Auto Industry’s Embrace of EVs Has Yet to Green Manufacturers’ Supply Chains
New Scorecard Finds Industry Behind in Embracing Greener Supply and Manufacturing Practices
WASHINGTON, D.C. — An analysis of 18 leading manufacturers launched today finds the automotive industry continues to heavily rely on a supply chain dependent on fossil fuels, despite growing commitments to manufacture cleaner electric vehicles (EVs).
The auto supply chain industry Leaderboard, launched by a coalition of leading climate, environmental, and human rights organizations, was produced by analyzing publicly available information from the manufacturers and other sources regarding efforts to eliminate emissions, environmental harms, and human rights violations from auto supply chains.
The findings show even the top-ranked automakers have significant room for improvement, with Toyota Motor Corp. ranking 5th to last among the 18 automakers in prioritizing green supply chains.
“As automakers bring more EVs to market, it’s crucial they address the serious environmental and social harms throughout their supply chains,” said Erika Thi Patterson, auto supply chain campaign director, Public Citizen’s Climate Program. “The majority of automakers have a long way to go to make their supply chains equitable, sustainable, and fossil free.”
Among the most disappointing findings: only two automakers have made progress toward setting targets for use of fossil free steel. Nearly 75% of steel is currently manufactured in coal-powered blast furnaces and emits pollutants linked to increased rates of cancer, asthma, and other illnesses.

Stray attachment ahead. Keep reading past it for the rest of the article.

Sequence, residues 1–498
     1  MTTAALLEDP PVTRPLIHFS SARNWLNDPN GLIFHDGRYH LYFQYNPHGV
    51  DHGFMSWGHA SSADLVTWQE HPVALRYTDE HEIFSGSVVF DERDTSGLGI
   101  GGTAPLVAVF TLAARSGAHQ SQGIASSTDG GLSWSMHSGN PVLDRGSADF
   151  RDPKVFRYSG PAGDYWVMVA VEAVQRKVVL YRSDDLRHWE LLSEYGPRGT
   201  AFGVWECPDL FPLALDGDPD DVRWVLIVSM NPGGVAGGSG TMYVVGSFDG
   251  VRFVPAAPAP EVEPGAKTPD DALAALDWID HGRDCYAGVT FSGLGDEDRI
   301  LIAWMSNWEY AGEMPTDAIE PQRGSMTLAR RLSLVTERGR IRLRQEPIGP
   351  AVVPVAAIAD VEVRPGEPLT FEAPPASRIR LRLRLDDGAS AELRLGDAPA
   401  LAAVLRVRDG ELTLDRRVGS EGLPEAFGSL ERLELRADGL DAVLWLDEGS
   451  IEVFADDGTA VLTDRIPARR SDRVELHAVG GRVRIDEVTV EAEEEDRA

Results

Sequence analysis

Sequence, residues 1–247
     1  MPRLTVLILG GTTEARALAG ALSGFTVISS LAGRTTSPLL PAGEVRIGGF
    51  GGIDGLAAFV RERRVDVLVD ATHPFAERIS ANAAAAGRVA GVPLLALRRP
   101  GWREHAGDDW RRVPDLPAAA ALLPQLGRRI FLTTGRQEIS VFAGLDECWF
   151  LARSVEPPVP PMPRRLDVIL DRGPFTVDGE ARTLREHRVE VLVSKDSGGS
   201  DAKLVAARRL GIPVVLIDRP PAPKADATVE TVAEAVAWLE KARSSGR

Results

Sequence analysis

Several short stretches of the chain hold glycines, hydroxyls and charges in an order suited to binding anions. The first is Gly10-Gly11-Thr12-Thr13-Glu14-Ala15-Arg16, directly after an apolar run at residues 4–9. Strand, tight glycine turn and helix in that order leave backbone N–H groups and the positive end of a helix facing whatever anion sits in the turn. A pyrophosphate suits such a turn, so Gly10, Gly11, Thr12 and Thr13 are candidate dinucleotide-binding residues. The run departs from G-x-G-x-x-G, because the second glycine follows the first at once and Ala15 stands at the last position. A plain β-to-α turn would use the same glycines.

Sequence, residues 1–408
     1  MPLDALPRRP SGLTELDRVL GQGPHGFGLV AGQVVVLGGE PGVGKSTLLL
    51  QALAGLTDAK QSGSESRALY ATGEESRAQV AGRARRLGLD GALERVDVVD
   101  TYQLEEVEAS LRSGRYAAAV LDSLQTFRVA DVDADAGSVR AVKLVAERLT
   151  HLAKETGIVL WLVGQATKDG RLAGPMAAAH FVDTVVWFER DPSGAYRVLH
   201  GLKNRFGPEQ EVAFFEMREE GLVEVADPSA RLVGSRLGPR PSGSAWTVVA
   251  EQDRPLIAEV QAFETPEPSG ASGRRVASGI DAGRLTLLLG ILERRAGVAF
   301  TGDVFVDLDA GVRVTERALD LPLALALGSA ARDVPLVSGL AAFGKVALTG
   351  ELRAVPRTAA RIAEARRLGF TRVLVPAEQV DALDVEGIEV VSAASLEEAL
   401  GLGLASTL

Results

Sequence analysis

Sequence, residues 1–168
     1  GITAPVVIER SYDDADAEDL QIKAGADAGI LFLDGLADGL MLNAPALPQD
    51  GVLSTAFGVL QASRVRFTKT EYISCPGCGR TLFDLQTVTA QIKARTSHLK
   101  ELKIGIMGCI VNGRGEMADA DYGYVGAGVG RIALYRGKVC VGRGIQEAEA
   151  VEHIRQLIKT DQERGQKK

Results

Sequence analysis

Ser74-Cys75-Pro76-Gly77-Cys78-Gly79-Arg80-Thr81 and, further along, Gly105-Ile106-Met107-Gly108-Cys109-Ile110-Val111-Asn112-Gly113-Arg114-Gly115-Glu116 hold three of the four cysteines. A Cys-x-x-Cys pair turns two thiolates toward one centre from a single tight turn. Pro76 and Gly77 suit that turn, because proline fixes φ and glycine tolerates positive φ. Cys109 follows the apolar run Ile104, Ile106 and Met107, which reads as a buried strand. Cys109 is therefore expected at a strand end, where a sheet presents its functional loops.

While many of the minerals needed for EVs are located within 35 miles of Indigenous lands in the U.S., no company has a publicly available, standalone Indigenous Rights policy. Mining for many of the minerals needed to build EVs depends on practices that, when performed without proper remediation, can lead to significant health harms.
“As consumers start picking between EVs on the market, they’ll want to know the cars they’re buying aren’t fueling environmental harms or human rights abuses,” said Thi Patterson. “The industry’s vast and intricate supply chains have taken decades to develop. The work to transform them needs to start today.”
The auto supply chain industry Leaderboard is a joint project by the “Lead the Charge” coalition. Members include Cultural Survival, Earthworks, First Peoples Worldwide, Industrious Labs, Investor Advocates for Social Justice, Mighty Earth, Public Citizen, Sierra Club, Solutions for our Climate (SFOC), Transport and Environment (T&E), and The Sunrise Project.